A potted history of the Outer Hebrides.
The name Hebrides comes from the Norse Havbrødøy meaning island on the edge of the sea.
Celtic settlement by Pictish people is particularly marked by remains of brochs, like the classic example at Dun Carloway built around 50BC, remained virtually complete for 1500 years and was still inhabited within the last century. Christianity arrived early with monks from Iona and significant chapels were being established by 900.
The Norse began to appear, mainly as raiders, from about 800 and settled from about 850. The kingdom of Man and the Isles came into being and regarded itself as virtually independent of Norway. However King Magnus Barelegs of Norway eventually reimposed his rule in 1098 in what was apparently a typically Viking way. There are relatively few physical remains from Norse times, however the typical black house is based on their long house and 'Norse' mills remained in use until relatively recently.
Norwegian rule was recognised, albeit grudgingly, by the Scottish crown until the Battle of Largs in 1263 after which Norway ceded the islands to Scotland via the Treaty of Perth in 1266. However central rule from Scotland appears to have become nominal and effective control seems to have been in local hands under the Lordship of the Isles from about 1350 - 1500. The Scottish parliament tried to restrain this but it wasn't until Oliver Cromwell's Parliament that central control was firmly established.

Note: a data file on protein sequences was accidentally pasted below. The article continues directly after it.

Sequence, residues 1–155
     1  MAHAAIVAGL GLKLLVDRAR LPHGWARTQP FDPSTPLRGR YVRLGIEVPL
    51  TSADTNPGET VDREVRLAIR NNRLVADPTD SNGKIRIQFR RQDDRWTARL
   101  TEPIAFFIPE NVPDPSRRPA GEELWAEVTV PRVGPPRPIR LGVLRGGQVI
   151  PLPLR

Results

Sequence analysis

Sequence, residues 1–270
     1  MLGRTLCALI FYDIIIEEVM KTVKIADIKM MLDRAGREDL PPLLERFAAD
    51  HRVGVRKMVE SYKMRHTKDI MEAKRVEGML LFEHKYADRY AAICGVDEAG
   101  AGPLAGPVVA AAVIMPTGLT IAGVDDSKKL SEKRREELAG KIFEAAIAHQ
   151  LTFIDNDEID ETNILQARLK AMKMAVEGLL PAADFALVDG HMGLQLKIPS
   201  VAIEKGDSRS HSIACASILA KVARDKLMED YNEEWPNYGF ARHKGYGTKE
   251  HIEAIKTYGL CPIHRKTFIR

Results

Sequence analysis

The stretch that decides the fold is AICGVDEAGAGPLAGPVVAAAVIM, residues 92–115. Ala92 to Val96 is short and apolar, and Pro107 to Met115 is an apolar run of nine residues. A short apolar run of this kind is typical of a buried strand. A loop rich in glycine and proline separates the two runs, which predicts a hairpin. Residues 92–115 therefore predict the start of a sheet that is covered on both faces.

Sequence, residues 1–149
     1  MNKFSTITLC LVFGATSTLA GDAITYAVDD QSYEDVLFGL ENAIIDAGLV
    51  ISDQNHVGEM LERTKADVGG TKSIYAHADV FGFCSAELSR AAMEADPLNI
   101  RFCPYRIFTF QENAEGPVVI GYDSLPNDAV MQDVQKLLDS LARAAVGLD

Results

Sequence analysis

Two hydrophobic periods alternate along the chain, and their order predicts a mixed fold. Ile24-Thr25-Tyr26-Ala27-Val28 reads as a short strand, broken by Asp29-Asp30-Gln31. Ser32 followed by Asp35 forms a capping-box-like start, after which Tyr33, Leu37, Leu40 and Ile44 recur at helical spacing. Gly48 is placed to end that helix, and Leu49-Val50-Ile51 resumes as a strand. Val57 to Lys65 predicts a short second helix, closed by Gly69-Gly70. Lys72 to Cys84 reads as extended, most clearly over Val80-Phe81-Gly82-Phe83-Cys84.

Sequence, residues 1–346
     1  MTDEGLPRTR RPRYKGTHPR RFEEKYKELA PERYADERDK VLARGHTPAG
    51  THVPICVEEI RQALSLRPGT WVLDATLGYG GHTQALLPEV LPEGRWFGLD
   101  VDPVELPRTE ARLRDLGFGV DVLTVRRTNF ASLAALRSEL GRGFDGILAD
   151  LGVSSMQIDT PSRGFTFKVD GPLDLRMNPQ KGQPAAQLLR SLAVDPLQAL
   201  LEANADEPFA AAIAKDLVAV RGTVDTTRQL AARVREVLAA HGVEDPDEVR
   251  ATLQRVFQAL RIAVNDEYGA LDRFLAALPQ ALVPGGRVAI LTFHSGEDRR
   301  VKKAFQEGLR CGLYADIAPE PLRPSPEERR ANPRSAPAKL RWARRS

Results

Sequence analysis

The last two centuries
Lord Leverhulme bought Lewis and attempted to create his own vision of a new economic order in the island. Although he invested considerable sums of money most of his schemes failed to establish themselves, possibly due to his approach being misguided albeit altruistic, possibly because of the conservatism of the islanders. He eventually sold Lewis but retained Harris, where there was more acceptance of his ideas.
Both World Wars hit the islands hard. Not only did men volunteer early and willingly they suffered heavy casualties. In WW1 of serving men 17% were killed - double the ratio of death to population in the rest of Britain. The cruellest twist was when the yacht Iolaire sank entering Stornoway Harbour whilst carrying troops returning home after the war - 205 lives were lost.
A quick comment about religion is appropriate. There is a marked religious divide (geographically speaking) between north and south. Lewis, Harris and North Uist are staunchly Protestant and Presbyterian. South Uist and Barra are predominantly Roman Catholic. There appears to be no conflict between the two major denominations (although it appears the same cannot always be said for intra-Protestant relations). There is strong observance of the Sabbath, especially in the north, and the islands are effectively shut on a Sunday. One of the busiest periods we observed on the roads was at church time on a Sunday.
The Western Isles has perhaps never had a strong economy. Whilst they appear to have been extremely conservative in economic terms they appear to have actively embraced IT. The 'dotcom revolution' has helped to overcome their peripheral location. Agriculture is more important in the Uists than Harris and Lewis but has never been strong, many crofters now farm for secondary income. Harris Tweed remains significant. Fishing, especially for shellfish, and processing is now significant. Tourism is beginning to grow and offers scope for employment and trade but this is serously threatened by the wind power proposals which will radically and irrevocably alter the environment.
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